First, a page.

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Marina Antunes [Film Festival 10.03.14] Canada drama

Coming of age and self discovery dramas are a dime a dozen but once in a while an interesting new take on the theme comes barrelling through the noise. Andrew Huculiak's Violent is exactly one of those movies but rather than powering through by force, Huculiak's feature film debut purposefully strides across the room and quietly commands everyone's attention. It's an impossible film to ignore or forget.

Relative newcomer Dagny Backer Johnsen stars as Dagne, a young woman who wants to escape small town life. Her mother makes arrangements for her to move to the city to work at a family friend's store, a job that comes with a place to live around the corner from the shop. It's a barren little apartment but Dagne seems genuinely happy with her meagre surroundings and less that glamorous job. While most teens would scoff at her situation, Dagny she's thrilled to be in the big city, seeing old friends and making new one.

What sets Huculiak's movie apart from other coming of age stories is how normal it all feels. There aren't any huge parties where Dagny gets in trouble, she doesn't go around sleeping with every boy she meets or leaving destruction in her wake around the city. She's just a girl, hanging out with friends and making the best of her circumstances. But Huculiak marks Dagne's day to day normalcy with gorgeous, if sometimes baffling images. Some are abstract and look like static while others are simply strange, people and furniture floating above the city. They don't make much sense but they're beautiful and they make for an interesting transition from one emotional moment in Dagne's life to another.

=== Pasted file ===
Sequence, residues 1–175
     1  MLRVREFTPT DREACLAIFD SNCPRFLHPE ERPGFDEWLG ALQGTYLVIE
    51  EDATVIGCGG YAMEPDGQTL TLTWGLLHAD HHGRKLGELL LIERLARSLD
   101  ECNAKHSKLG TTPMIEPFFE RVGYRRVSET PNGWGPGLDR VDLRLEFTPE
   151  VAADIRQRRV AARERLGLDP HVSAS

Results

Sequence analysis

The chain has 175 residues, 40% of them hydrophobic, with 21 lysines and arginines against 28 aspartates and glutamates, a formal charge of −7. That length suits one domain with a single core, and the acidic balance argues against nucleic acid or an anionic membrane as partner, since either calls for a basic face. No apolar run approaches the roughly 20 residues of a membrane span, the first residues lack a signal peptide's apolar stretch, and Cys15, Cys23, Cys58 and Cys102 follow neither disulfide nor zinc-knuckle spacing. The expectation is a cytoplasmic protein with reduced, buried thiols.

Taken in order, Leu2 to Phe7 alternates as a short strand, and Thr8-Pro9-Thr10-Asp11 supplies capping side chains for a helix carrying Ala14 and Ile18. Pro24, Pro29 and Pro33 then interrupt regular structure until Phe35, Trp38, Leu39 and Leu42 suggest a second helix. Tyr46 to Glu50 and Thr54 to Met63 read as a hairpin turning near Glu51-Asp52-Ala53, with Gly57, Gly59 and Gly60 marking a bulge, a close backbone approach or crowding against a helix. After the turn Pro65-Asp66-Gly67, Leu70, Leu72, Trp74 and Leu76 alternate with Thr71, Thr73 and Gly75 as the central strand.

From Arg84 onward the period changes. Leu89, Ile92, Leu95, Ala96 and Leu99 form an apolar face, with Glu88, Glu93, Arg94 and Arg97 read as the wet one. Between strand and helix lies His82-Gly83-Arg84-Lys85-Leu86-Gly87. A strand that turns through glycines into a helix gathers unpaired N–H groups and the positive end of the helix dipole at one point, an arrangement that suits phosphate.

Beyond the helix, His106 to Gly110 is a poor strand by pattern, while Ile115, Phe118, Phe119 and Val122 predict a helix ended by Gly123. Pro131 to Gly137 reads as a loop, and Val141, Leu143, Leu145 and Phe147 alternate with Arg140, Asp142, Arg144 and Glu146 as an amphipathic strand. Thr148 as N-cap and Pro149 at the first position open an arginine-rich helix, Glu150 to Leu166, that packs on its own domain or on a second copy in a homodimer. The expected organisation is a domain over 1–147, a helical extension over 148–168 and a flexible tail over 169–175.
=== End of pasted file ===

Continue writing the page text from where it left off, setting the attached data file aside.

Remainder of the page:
The thing about Violent is that by the end, it feels like a completely different movie than it did at the beginning. The sum of the parts all tell one story but as that story develops and the scenes build on each other, the story also takes on new meaning and what didn't seem to make sense at the beginning is suddenly clear. What's fascinating is that Huculiak doesn't hide anything from the audience. The clues are there and in hindsight, fairly obvious. Some may be observant enough to see what they're building to but I found myself so drawn into each moment that I felt completely blindsided by the ending.

Shot by Huculiak's frequent collaborator, and co-writer on the film, Joseph Schweers, and accompanied by music from We Are the City's album of the same name, Violent is one of those rare debuts that introduces a filmmaker that has a fully formed vision and the skills to realize it. Violent is unlike any other coming of age story I've seen and its unlikely I'll ever see another one quite this profound, a movie that works as both a story of self discovery and of self reflection at the same time. A fantastic achievement that is not to be missed.

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